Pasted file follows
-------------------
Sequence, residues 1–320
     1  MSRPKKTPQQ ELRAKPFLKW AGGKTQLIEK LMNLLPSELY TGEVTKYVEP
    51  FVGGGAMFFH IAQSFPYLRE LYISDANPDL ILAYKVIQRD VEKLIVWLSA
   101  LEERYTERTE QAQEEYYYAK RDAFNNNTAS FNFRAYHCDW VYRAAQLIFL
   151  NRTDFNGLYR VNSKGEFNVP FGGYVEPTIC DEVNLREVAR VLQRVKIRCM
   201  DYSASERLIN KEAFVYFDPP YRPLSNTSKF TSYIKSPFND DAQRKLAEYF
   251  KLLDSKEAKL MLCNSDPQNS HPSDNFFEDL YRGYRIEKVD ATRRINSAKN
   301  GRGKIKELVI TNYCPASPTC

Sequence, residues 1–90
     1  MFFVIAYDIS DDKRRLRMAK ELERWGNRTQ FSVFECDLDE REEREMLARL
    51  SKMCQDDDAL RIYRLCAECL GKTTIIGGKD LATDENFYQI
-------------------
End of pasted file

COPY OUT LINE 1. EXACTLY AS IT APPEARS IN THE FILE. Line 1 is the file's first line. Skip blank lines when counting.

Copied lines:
Sequence, residues 1–320